Eat Well to Be Well: McDonald’s healthier McMakover

McDonald’s, the fast food giant, will soon be undergoing a healthy foods makeover, establishing its position as still a bargain, yet healthier food option for families. Even I, as a registered dietitian, am impressed with the ability of this behemoth corporation’s staying power amidst sharp criticism over the years of being a major contributor to our society’s obesity epidemic. In the near future, McDonald’s will instead become a major contributor of reformulating and creating healthier meal options for consumers. Good for them and especially good for us!

100313-mcdonaldschoices2Recently, McDonald’s announced a partnership with the Alliance for a Healthier Generation, founded by the Clinton Foundation and the American Heart Association. This partnership will enable families better access to fruit and vegetables and provide a fun nutrition or children’s well-being message on the Happy Meal box or bag panels. The only drawback to this effort is it may take several years before we see these changes locally since the larger markets will be tested first. Who would have guessed 20 years ago, McDonald’s would become a healthier restaurant choice for our families?

Some of the specifics McDonald’s is committed to, include:

  • Providing a choice of a side salad, fruit or vegetable to substitute for French fries in value meals marketed towards adults.
  • Only promoting water, milk and juice as the beverage choice in Happy Meals on its menu board.
  • Emphasizing nutritional messages in its packaging and advertising to children.

Don Thompson, the CEO of McDonald’s, recognizes that his corporation has a key leadership role in influencing customers to buy more fruits and vegetables and wants to be a part of the solution in curbing obesity and the costly health risks associated with it. I applaud Mr. Thompson for this effort. With more than 34,000 McDonald’s restaurants in 118 countries, serving nearly 69 million people every day, he needs to show he cares about our well-being and not just profits. In the past few years, McDonald’s has hired registered dietitians to create healthier menu options such as oatmeal and smoothies along with posting calorie levels of food sold on its menu board.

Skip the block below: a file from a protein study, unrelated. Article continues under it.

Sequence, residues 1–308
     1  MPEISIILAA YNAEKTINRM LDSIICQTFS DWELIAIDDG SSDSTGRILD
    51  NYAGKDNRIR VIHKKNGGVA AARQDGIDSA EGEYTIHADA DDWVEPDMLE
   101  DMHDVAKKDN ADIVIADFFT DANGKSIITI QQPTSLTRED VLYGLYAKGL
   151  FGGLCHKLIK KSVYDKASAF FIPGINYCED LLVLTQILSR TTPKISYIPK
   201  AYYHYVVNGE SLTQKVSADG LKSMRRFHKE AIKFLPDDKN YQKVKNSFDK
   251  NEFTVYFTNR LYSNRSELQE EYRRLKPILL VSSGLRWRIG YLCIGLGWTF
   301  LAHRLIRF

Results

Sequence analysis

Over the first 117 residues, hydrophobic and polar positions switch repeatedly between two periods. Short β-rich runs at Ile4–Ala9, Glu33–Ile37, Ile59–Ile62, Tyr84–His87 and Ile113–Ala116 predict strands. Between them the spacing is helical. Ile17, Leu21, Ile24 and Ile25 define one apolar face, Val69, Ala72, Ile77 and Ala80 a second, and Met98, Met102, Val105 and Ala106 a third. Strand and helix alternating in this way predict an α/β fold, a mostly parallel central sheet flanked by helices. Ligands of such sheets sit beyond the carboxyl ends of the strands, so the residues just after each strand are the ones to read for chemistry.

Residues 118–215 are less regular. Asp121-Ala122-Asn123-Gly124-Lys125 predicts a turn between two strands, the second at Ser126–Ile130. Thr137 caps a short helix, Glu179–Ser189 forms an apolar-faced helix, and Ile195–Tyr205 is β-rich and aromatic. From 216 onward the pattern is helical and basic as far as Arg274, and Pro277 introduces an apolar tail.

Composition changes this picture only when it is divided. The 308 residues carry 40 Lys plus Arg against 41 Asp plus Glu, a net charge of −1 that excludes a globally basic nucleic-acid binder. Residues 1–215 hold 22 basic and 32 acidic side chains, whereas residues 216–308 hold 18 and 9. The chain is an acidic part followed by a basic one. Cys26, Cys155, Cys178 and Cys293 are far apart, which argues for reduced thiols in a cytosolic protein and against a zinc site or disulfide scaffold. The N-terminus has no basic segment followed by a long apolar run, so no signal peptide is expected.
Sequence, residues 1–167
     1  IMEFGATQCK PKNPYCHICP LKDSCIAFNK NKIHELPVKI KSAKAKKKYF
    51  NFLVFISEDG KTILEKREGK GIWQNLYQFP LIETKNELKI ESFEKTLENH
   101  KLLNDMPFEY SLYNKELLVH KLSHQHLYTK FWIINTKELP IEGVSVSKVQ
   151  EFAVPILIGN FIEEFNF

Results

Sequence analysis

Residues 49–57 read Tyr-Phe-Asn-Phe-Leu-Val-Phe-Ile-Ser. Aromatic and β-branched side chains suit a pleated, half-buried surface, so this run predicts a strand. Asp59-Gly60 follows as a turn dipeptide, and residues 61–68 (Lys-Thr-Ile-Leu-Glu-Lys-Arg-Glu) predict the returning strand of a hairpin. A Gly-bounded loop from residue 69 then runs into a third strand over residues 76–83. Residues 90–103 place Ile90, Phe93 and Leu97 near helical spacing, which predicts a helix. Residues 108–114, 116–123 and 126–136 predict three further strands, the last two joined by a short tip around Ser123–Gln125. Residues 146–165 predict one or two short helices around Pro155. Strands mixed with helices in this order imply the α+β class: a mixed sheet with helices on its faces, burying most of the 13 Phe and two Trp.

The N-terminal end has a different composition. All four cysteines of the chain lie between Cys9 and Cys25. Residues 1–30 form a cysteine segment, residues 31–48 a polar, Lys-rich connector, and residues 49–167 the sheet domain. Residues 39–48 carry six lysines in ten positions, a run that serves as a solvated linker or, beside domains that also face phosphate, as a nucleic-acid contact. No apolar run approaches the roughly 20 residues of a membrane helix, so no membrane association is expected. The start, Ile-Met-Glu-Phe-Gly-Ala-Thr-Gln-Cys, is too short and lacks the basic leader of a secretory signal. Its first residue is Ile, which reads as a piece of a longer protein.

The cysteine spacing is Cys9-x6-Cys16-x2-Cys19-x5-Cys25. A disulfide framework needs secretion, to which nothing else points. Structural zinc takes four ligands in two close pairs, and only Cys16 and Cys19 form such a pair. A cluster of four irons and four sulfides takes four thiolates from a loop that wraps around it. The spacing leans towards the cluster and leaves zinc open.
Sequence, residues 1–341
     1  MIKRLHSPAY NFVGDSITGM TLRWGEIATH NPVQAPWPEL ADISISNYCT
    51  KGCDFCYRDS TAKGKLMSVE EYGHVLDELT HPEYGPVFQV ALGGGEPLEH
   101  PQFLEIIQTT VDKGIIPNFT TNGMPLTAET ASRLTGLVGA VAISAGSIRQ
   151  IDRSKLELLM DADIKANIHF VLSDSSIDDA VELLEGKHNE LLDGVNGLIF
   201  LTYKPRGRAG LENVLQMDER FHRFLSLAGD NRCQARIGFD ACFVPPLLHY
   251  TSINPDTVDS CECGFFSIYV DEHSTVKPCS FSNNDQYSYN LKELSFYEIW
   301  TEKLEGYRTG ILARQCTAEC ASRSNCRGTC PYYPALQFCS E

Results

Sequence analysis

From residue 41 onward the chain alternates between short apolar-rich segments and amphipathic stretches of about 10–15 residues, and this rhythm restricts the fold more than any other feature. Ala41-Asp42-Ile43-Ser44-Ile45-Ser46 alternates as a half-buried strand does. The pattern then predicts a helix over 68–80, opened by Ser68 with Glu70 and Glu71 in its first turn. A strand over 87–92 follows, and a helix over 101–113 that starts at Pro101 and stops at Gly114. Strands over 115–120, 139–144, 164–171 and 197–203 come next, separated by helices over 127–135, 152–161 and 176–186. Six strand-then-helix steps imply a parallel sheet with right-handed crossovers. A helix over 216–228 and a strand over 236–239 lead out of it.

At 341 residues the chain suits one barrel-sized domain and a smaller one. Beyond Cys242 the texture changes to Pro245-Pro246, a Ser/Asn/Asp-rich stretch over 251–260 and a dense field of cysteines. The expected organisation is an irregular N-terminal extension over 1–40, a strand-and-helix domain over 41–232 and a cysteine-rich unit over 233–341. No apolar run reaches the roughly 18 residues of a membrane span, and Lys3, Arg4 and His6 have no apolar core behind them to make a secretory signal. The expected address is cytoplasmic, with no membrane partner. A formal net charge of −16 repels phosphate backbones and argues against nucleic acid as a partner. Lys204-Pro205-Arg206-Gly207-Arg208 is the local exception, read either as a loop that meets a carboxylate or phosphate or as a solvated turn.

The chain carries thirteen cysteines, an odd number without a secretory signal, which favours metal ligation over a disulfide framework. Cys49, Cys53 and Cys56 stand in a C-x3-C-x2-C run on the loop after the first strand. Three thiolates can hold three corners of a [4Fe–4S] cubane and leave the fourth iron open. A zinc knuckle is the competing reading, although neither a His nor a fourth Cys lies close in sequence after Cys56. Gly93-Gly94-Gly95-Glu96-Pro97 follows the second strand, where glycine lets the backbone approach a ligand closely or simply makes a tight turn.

McDonald’s isn’t the only fast food restaurant to become proactive in fighting obesity and offering healthier alternatives to typical fast food fare. Locally, Sonic has been making a few healthier additions such as offering milk, apple slices and grilled chicken, and Subway continues to be a good choice if you want to choose healthy food when eating out.

Ideally, fast food, defined as food that can be served quickly and easily, should NOT be the first healthy food choice of the American public. However, 1 in 4 Americans eats at a fast food restaurant each day. This is a reality that probably won’t change anytime soon. Therefore, the slow but sure transition to healthier food in these restaurants is a positive sign that they are getting the message to provide more nutritious food as long as we as consumers reward those efforts by choosing the healthier choices. If you are one of those people who frequents fast food restaurants, here are some tips to customize your order to be healthy for you:

  • Order smaller portion sizes. The bigger sizes may seem like a bargain, but you’ll end up with more fat, calories and sugar than what is necessary.
  • Stay away from fried foods. Choose grilled or baked.
  • Choose menu items labeled “light” or “healthy.”
  • Choose your drink wisely. Sugary sodas contain too much sugar and calories. Opt instead for water, skim or low-fat milk, diet soda or fruit juice.
  • Order the kids meal. This is what I often do. The portions are smaller and you don’t have that guilty feeling of eating more than you needed.

Besides the fast food restaurant industry, there are other places where food is sold that are making an effort to provide more nutritious food. Recently, I attended the 2013 Built Environment and the Outdoors Summit conference in Topeka, representing Osage County as a board member of a local foundation. It was an interesting mix of breakout sessions that dealt with topics ranging from making your community more walkable and bicycle-friendly to how to establish food policy councils to improve your community’s food environment.

One of the sessions I attended was on healthy concessions. Jill Geller, with the Johnson County Parks and Recreation District, explained how their agency offers healthier food options at all of its concession stands and the positive impact that has had on the community. Creating sustainable farmers markets was another session demonstrating the success these have in providing healthy, locally grown food, to promote a healthy environment.

When we all get on board to create more options for nutritious and healthier foods available in this country, the better off we will all be. From healthier foods in fast food restaurants, our schools, healthy vending food and concession stand options, more farmers markets and food policy councils, our ability to fight obesity and other diseases is looking more like a reality than a fantasy. We are what we eat. Healthy foods help create healthy bodies and that’s a win-win for all of us.


Cheryl_Mussatto_pictureCheryl Mussatto MS, RD, LD, is a registered dietitian who works as an adjunct professor at Allen Community College, where she teaches a course called Basic Nutrition. She is also a certified health and wellness coach. She writes Eat Well to Be Well, a column about health and nutrition, and may be contacted at [email protected].

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